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Becky and Otis Rogers shortly before her trial. (Photo courtesy of San Antonio Light Collection)

Bank cashier Frank Jamison thought very little about the slight young woman, looking to be only seven-
teen or eighteen, who came into the Farm-
ers’ National Bank in Buda in December 
1926. She said that she worked as a reporter for the Beaumont Enterprise, and she spent the morning talking to local farmers about cotton crops and government policies, jotting down their comments in a loose-leaf binder. Politely she had asked permission to use a typewriter inside the tellers’ cages. As lunchtime approached, Jamison stepped inside the walk-in vault for something. “As I came out she was standing five or six steps away with a gun pointed at me,” he said. Within a week, newspapers across the nation were describing the thief, Rebecca Bradley Rogers, as the Flapper Bandit. During the 1920s, “flapper” referred to a young woman who showed disdain for conventional dress and behavior.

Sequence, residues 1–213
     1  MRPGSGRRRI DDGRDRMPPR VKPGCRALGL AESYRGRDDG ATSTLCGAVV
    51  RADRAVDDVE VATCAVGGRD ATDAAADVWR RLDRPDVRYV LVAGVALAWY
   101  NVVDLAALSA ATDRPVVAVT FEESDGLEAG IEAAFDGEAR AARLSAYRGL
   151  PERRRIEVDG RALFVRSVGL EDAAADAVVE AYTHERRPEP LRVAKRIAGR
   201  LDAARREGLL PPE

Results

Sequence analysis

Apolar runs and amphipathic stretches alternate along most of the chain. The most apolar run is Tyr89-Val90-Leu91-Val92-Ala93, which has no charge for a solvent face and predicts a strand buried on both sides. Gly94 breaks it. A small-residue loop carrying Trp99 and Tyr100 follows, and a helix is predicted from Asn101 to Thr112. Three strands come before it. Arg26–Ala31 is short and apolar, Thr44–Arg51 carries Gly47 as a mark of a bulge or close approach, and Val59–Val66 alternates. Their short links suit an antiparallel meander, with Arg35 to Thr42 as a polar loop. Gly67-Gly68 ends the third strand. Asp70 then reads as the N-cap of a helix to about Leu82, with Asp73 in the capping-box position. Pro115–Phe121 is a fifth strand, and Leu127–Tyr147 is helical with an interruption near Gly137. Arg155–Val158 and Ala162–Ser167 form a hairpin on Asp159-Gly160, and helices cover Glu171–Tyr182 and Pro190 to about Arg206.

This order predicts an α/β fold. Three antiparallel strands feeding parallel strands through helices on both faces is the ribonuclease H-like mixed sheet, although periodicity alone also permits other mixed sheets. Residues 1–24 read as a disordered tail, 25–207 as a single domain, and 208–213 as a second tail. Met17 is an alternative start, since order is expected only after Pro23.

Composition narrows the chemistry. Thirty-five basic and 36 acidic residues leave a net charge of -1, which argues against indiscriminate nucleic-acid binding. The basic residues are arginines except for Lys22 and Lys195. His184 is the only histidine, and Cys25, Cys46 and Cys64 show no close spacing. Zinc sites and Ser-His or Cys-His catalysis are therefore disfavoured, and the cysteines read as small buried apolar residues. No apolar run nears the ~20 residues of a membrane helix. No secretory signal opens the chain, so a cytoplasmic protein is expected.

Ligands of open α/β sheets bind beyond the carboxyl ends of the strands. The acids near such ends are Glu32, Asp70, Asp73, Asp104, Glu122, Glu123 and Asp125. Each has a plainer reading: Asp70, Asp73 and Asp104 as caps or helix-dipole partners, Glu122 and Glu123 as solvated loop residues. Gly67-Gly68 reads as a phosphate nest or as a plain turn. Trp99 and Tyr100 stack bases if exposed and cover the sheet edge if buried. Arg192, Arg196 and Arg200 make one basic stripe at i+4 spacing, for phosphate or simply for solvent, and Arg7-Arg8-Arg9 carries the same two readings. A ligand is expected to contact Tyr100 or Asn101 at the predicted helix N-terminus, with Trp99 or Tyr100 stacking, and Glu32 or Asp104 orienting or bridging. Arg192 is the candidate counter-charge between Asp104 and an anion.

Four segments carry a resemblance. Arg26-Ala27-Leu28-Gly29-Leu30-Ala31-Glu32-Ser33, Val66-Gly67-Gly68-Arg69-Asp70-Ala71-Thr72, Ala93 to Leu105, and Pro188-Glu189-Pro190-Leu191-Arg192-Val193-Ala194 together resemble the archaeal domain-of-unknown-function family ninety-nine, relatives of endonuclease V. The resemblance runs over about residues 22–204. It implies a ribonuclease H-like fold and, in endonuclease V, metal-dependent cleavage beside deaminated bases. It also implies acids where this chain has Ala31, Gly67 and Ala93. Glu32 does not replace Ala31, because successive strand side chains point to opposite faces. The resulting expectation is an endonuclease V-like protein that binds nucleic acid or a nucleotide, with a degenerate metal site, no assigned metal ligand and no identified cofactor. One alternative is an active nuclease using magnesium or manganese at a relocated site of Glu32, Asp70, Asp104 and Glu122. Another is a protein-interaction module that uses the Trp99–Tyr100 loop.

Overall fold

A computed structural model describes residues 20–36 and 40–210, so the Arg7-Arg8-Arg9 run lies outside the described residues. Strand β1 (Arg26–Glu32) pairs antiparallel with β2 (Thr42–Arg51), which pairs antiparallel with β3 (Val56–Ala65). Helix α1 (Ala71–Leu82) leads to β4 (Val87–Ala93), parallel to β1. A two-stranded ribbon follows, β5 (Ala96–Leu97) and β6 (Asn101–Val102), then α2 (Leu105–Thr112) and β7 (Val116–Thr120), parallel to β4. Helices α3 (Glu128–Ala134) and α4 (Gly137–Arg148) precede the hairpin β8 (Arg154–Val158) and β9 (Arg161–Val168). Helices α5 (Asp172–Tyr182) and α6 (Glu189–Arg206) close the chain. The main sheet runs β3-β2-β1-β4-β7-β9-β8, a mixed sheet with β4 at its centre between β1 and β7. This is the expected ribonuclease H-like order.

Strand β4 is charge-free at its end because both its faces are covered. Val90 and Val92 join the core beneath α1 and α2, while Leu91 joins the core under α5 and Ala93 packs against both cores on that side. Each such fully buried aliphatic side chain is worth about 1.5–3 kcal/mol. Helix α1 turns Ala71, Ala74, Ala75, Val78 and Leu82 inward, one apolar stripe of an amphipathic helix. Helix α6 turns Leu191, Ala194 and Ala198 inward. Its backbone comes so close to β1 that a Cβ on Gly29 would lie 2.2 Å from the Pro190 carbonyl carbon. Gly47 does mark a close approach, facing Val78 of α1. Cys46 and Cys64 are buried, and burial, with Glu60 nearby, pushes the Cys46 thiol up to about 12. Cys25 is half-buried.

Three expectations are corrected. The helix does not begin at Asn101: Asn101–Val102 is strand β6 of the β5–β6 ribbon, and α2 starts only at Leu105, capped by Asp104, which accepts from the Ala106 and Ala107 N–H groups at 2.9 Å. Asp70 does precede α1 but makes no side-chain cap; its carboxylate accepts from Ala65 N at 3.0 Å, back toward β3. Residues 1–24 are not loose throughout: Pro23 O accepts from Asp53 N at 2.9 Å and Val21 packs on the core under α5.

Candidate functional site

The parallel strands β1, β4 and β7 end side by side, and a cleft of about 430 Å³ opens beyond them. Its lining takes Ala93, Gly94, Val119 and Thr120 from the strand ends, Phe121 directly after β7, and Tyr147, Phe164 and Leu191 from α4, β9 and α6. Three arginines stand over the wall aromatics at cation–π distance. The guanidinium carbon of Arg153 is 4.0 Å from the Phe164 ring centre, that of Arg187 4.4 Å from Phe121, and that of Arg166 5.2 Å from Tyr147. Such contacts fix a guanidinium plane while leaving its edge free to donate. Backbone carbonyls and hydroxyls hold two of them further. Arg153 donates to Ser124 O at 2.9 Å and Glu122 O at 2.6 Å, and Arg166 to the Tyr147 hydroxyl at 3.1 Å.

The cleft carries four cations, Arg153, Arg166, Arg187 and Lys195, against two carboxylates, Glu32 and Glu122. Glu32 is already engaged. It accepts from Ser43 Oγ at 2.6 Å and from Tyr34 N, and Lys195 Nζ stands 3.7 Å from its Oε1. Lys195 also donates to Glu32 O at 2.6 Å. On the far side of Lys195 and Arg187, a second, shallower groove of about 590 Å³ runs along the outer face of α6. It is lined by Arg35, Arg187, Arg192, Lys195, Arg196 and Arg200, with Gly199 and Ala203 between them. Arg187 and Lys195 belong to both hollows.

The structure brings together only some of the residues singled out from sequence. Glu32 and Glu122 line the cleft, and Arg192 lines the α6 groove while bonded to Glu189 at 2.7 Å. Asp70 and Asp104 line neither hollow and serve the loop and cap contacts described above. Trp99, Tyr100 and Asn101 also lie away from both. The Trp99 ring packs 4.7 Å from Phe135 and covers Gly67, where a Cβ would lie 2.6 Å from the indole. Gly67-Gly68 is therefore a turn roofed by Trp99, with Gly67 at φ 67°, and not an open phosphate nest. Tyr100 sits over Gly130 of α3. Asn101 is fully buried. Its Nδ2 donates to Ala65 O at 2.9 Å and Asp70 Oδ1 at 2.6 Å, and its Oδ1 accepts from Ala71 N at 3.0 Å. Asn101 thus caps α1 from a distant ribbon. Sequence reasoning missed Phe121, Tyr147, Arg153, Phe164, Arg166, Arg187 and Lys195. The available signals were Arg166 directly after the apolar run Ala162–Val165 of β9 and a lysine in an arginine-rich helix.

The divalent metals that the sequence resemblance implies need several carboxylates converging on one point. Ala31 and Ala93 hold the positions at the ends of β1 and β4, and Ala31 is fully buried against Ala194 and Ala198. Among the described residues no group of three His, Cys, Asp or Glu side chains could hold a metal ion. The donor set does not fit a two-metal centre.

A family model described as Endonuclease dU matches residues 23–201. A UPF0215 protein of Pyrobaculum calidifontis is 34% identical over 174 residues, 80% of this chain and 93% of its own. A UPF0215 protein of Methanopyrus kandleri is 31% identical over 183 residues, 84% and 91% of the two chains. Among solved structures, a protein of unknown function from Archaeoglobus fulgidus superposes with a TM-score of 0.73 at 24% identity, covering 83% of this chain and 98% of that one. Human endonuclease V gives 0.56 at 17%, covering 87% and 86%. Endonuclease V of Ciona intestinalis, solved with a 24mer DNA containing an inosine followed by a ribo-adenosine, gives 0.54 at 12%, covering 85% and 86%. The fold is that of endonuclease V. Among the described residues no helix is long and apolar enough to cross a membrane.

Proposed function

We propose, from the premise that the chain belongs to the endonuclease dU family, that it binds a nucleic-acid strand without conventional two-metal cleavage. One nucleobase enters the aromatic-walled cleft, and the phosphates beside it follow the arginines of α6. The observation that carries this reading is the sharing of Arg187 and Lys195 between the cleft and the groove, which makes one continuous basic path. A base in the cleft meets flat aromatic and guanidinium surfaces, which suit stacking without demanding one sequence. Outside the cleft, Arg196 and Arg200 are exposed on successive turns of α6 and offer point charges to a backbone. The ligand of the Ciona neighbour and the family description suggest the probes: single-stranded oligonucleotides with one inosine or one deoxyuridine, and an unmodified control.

Published in History

During the era of gangsters and organized crime, 
Texas hosted its fair share of guns, gambling, moonshine, morphine, ransom and robbery.

Published in History
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